ADVERTISEMENT

Post a comment to this story

COMMENTS POLICY
We reserve the right to remove any post that we feel is obscene, profane, vulgar, racist, sexually explicit, abusive, or hateful.
 
You are legally responsible for what you post and your anonymity is not guaranteed.
 
Posts that insult, defame, threaten, harass or abuse other readers or people mentioned in Indiana Lawyer editorial content are also subject to removal. Please respect the privacy of individuals and refrain from posting personal information.
 
No solicitations, spamming or advertisements are allowed. Readers may post links to other informational websites that are relevant to the topic at hand, but please do not link to objectionable material.
 
We may remove messages that are unrelated to the topic, encourage illegal activity, use all capital letters or are unreadable.
 

Messages that are flagged by readers as objectionable will be reviewed and may or may not be removed. Please do not flag a post simply because you disagree with it.

Sponsored by

facebook - twitter on Facebook & Twitter

Indiana State Bar Association

Indianapolis Bar Association

Evansville Bar Association

Allen County Bar Association

Indiana Lawyer on Facebook

facebook
ADVERTISEMENT
Subscribe to Indiana Lawyer
  1. Bill Satterlee is, indeed, a true jazz aficionado. Part of my legal career was spent as an associate attorney with Hoeppner, Wagner & Evans in Valparaiso. Bill was instrumental (no pun intended) in introducing me to jazz music, thereby fostering my love for this genre. We would, occasionally, travel to Chicago on weekends and sit in on some outstanding jazz sessions at Andy's on Hubbard Street. Had it not been for Bill's love of jazz music, I never would have had the good fortune of hearing it played live at Andy's. And, most likely, I might never have begun listening to it as much as I do. Thanks, Bill.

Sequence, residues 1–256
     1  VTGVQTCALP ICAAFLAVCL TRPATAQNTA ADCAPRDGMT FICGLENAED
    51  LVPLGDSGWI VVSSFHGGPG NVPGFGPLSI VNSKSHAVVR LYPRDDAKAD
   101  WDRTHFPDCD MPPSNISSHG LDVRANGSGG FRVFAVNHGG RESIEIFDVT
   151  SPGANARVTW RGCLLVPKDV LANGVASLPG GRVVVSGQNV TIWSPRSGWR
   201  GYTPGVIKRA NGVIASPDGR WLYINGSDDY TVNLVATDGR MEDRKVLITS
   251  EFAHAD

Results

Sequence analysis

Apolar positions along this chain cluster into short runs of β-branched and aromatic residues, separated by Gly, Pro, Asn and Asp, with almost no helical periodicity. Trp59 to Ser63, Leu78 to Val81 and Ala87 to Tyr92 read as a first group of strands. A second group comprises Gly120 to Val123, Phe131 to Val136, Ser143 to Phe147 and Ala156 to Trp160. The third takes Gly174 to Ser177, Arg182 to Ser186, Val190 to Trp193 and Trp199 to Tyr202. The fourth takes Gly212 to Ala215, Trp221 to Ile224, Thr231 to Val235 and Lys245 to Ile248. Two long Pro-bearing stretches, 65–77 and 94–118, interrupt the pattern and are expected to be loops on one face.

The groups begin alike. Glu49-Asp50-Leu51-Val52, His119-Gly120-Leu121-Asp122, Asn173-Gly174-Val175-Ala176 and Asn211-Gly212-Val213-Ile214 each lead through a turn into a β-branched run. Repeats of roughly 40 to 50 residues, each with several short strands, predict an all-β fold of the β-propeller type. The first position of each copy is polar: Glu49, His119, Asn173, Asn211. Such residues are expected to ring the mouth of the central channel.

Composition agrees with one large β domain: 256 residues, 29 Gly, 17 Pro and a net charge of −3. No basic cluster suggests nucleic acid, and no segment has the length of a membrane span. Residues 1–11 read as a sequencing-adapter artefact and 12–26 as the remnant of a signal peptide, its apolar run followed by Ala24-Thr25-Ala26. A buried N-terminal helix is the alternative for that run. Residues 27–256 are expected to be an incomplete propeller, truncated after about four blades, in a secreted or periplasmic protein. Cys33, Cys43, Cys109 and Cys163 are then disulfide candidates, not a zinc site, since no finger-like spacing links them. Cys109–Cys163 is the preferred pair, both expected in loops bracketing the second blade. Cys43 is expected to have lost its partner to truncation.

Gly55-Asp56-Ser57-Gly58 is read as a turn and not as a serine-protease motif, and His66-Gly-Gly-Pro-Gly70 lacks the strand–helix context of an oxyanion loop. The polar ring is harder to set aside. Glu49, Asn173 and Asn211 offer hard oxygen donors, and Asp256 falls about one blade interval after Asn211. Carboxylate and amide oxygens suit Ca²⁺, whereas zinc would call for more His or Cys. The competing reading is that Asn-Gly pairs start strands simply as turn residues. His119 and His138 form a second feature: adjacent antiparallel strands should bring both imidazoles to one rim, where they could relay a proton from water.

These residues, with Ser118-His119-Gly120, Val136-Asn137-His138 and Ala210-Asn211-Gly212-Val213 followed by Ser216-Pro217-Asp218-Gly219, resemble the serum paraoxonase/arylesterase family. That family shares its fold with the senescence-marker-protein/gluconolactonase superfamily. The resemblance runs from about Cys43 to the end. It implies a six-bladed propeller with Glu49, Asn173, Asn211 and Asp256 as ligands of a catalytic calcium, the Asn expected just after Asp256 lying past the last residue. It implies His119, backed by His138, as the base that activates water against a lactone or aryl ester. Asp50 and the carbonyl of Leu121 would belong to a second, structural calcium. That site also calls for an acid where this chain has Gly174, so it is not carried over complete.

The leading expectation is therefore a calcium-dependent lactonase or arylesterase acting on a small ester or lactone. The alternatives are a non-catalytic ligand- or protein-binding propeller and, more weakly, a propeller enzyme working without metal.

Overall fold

2. The child support award is many times what the custodial parent earns, and exceeds the actual costs of providing for the children's needs. My fiance and I have agreed that if we divorce, that the children will be provided for using a shared checking account like this one(http://www.mediate.com/articles/if_they_can_do_parenting_plans.cfm) to avoid the hidden alimony in Indiana's child support guidelines.

  3. Fiat justitia ruat caelum is a Latin legal phrase, meaning "Let justice be done though the heavens fall." The maxim signifies the belief that justice must be realized regardless of consequences.

  4. Indiana up holds this behavior. the state police know they got it made.

  5. Additional Points: -Civility in the profession: Treating others with respect will not only move others to respect you, it will show a shared respect for the legal system we are all sworn to protect. When attorneys engage in unnecessary personal attacks, they lose the respect and favor of judges, jurors, the person being attacked, and others witnessing or reading the communication. It's not always easy to put anger aside, but if you don't, you will lose respect, credibility, cases, clients & jobs or job opportunities. -Read Rule 22 of the Admission & Discipline Rules. Capture that spirit and apply those principles in your daily work. -Strive to represent clients in a manner that communicates the importance you place on the legal matter you're privileged to handle for them. -There are good lawyers of all ages, but no one is perfect. Older lawyers can learn valuable skills from younger lawyers who tend to be more adept with new technologies that can improve work quality and speed. Older lawyers have already tackled more legal issues and worked through more of the problems encountered when representing clients on various types of legal matters. If there's mutual respect and a willingness to learn from each other, it will help make both attorneys better lawyers. -Erosion of the public trust in lawyers wears down public confidence in the rule of law. Always keep your duty to the profession in mind. -You can learn so much by asking questions & actively listening to instructions and advice from more experienced attorneys, regardless of how many years or decades you've each practiced law. Don't miss out on that chance.

ADVERTISEMENT